Minor rant. An epic decision is facing Britain. Polls close at 10 pm. People are struggling to get home after a days work and fit in voting. Transport is a mess.

Historically the UK has elections on Thursdays.

Australia, on the other hand, has its elections on SATURDAYS. Sure, some people work on Saturdays and plenty of people have other commitments on Saturdays but it still makes things substantially easier for people to get to polling stations. Not only that, buildings such as schools, frequently used as polling stations, aren’t being used for their main purpose on Saturdays.

Australian Gun Laws – Did they Work? (spolier: yes they did)

University of Sydney academic Professor Simon Chapman is the lead author of a study that has examined the impact of the late 1990’s tightening of Australian gun laws. The Liberal government of the time (for ‘liberal’ read ‘conservative’) enacted tougher gun laws in response to the Port Arthur mass shooting in Tasmania. Australia’s gun laws did not become as strict as the UK’s and the emphasis was on  guns that could be used in mass shootings and a general reduction in gun availability.

So what happened? The study is published in the Journal of the American Medical Association here: http://jama.jamanetwork.com/article.aspx?articleid=2530362 [abstract is directly avaialble but I think it is possible to get the full article by a free sign-up]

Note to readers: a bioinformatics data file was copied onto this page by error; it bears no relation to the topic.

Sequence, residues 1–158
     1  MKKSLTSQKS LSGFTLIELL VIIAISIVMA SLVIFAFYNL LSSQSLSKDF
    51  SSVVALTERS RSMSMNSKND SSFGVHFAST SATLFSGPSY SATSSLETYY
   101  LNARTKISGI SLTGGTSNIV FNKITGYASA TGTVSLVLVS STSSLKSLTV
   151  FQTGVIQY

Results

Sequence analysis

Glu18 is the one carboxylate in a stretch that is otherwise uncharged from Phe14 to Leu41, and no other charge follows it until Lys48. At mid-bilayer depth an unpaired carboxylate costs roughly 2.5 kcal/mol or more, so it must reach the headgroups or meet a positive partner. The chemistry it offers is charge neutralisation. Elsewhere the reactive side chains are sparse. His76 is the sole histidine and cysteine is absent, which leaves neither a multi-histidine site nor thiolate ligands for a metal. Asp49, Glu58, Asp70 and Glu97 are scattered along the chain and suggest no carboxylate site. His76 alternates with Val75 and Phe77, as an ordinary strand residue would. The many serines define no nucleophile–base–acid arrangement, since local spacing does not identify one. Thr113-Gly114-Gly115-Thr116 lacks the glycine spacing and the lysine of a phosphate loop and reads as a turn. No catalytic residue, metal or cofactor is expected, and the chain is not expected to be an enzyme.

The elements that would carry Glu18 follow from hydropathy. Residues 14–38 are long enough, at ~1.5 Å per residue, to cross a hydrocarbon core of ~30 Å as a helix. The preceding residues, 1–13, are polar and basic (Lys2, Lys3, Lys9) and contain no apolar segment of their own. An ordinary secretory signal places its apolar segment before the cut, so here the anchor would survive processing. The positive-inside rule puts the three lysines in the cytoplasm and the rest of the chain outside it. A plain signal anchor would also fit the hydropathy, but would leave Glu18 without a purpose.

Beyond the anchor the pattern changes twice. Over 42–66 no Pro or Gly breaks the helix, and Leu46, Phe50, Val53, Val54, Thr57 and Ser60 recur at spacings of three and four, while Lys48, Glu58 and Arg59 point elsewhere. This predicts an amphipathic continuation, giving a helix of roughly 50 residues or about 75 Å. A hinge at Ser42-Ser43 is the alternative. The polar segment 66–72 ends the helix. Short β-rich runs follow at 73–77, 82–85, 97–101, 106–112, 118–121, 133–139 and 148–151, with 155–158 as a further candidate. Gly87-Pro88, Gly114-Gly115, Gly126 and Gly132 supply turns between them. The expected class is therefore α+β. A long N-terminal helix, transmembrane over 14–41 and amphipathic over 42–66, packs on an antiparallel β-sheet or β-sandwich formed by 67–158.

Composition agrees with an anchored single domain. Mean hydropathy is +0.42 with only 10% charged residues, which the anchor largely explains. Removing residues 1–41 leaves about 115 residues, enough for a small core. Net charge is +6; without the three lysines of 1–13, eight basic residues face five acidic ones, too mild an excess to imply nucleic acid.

There is also an editorial in the same edition of the journal here: http://jama.jamanetwork.com/article.aspx?articleid=2530361

What is most clear from the current study is that Australia’s NFA coincided with an elimination of mass killings with firearms. It is difficult to pinpoint precisely which aspect of the policy contributed to this success, but the substantial reduction in the population’s exposure to semiautomatic long guns capable of accepting large-capacity magazines (LCMs) for ammunition is likely to have been key. Examinations of fatal mass shootings in the United States have found that when assault weapons or pistols with LCMs are used in these shootings, the number of victims shot is about 2.5 times higher than in mass shootings with other firearms.7,8